Door is open for India’s NSG bid: China
China on Tuesday said it was not against India’s entry into the Nuclear Suppliers Group (NSG) and the “door is open” for discussions over admitting non-NPT countries in the elite grouping.
Beijing’s statement comes a day after it said the NSG was divided over admitting India and the issue would not figure in the agenda of the NSG plenary in Seoul this week. The US has appealed to the member countries of the 48-member bloc to support India’s bid for membership.
Beijing maintained that it was the US which laid down the rules of non-signatory countries of the Nuclear Non-Proliferation Treaty (NPT) not being allowed membership of the bloc.
“The door is still open. There is always room for discussion,” China’s foreign ministry spokesperson Hua Chunying said on Tuesday.
“We never said we are against (any country). We did not target any country, India or Pakistan,” Hua said in a media briefing.
Responding to US’ backing India for membership of the global nuclear trade regulator, Hua said: “I have not seen the US statement supporting India. But US is one of those who made the rule that non-NPT countries should not join the NSG.”
Hua said that NPT was the “cornerstone” over admitting countries into the NSG.
She said it was up to the NSG members to decide whether rules for entry into the group needed to be changed.
Her remarks come as the NSG is to hold an important plenary June 23-24 in Seoul when the membership application of India, along with Pakistan, are likely to be taken up.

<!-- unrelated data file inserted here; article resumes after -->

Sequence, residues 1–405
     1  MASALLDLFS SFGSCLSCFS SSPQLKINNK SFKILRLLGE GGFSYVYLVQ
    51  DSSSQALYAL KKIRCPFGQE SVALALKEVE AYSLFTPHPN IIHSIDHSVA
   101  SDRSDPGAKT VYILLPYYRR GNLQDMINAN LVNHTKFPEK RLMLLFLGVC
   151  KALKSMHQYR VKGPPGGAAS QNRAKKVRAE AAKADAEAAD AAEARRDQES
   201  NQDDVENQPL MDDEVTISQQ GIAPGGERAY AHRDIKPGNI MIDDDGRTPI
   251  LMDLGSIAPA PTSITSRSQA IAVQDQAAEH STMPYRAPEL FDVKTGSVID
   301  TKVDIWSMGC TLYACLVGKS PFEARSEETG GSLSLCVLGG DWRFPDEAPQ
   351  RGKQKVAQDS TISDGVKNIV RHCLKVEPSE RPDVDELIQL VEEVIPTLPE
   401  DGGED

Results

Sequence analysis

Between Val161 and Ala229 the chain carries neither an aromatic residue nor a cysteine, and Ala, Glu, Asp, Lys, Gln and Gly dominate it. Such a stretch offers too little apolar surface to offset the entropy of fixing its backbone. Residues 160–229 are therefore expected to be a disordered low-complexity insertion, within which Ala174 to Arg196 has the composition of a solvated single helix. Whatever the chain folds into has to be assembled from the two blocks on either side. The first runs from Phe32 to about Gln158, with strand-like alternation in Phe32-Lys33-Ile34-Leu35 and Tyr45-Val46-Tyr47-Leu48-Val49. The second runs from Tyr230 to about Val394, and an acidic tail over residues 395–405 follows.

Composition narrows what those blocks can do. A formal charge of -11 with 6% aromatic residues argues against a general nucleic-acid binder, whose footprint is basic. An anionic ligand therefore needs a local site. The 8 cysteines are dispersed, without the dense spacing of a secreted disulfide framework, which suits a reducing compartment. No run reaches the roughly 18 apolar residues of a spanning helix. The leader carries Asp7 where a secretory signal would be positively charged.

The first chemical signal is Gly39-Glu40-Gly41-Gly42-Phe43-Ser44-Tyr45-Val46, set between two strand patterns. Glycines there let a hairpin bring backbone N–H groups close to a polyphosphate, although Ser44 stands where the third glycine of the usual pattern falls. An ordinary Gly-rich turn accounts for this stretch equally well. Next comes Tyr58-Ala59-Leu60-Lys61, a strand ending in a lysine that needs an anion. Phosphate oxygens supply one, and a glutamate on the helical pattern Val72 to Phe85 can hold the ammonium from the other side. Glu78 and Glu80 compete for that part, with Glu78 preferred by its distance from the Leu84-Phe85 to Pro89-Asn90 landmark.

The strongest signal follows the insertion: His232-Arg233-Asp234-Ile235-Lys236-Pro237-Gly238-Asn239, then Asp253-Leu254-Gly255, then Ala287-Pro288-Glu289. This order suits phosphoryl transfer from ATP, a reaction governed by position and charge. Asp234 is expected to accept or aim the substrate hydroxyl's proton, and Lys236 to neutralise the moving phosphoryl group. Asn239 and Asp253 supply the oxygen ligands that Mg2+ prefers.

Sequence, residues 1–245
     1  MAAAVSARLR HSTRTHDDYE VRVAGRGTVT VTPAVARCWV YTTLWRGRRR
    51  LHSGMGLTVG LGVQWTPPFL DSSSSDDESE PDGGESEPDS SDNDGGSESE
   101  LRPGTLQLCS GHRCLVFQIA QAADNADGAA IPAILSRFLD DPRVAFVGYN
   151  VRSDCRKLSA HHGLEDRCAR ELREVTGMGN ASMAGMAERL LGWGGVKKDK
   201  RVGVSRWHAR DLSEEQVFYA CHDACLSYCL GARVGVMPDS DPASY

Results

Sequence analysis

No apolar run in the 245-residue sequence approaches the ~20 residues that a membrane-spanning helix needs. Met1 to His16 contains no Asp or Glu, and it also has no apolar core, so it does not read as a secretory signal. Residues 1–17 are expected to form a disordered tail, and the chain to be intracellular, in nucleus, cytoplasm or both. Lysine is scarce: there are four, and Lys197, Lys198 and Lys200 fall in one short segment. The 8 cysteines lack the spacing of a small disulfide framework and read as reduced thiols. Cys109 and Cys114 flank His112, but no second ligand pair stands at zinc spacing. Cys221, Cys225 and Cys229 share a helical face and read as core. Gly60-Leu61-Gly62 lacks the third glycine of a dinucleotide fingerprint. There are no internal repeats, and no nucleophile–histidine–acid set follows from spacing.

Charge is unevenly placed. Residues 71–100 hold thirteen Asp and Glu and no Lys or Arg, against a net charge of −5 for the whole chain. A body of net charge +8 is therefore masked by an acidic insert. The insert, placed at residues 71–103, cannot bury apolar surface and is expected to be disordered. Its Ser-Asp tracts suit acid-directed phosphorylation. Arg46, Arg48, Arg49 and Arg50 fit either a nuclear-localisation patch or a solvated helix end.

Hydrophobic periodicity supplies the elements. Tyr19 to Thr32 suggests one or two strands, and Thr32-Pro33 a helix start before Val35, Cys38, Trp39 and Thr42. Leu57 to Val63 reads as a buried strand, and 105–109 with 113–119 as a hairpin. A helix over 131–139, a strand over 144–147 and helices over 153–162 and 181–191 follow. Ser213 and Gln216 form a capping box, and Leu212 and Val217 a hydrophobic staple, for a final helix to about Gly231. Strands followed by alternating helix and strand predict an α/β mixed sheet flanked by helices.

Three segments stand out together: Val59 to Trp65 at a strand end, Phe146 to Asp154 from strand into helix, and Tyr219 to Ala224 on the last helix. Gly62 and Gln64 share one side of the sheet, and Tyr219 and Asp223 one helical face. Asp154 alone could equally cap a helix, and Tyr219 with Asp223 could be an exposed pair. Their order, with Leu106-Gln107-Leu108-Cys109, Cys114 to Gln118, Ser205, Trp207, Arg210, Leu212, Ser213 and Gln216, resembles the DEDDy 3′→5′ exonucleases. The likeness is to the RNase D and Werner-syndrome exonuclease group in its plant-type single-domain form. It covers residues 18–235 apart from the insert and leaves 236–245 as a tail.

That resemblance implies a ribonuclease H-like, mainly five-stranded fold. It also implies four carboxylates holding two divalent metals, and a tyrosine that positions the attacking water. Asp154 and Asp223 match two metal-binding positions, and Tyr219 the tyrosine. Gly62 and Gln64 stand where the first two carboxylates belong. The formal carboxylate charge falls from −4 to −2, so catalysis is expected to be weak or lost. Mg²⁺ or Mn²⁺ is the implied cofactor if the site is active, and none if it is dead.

Indian Prime Minister Narendra Modi is also likely to meet Chinese President Xi Jinping in Tashkent, Uzbekistan, on the sidelines of the Shanghai Cooperation Organisation (SCO) when the issue is likely to be discussed.
The Chinese spokesperson’s statement on Tuesday is at variance with her remarks a day ago, when she said that NSG members were still divided over admitting India and it was not right to talk about the issue now.
She had also ruled out the inclusion of the issue of admission of non-NPT members — mainly India and Pakistan — being taken up at the Seoul meet.
“The inclusion of non-NPT members has never been a topic on the agenda of NPT meetings. In Seoul this year, there is no such topic,” Hua had said.
The US, which has strongly backed India for membership to the grouping, said that it continues to urge member countries to back New Delhi’s application.
US State Department spokesperson John Kirby said in Washington that the US reaffirms that India was ready for membership to the NSG.
“We continue to call on the participating governments of the NSG to support India’s application at the plenary session in Seoul,” he said.
“India’s application is something we have routinely talked to other NSG participating members,” he added.
China has been opposed to India’s membership on the grounds that it is not a signatory to the NPT. Beijing has also said if New Delhi is admitted, then so should its all-weather ally Islamabad be given admission.
Consensus among all member countries is essential to allow a new entrant.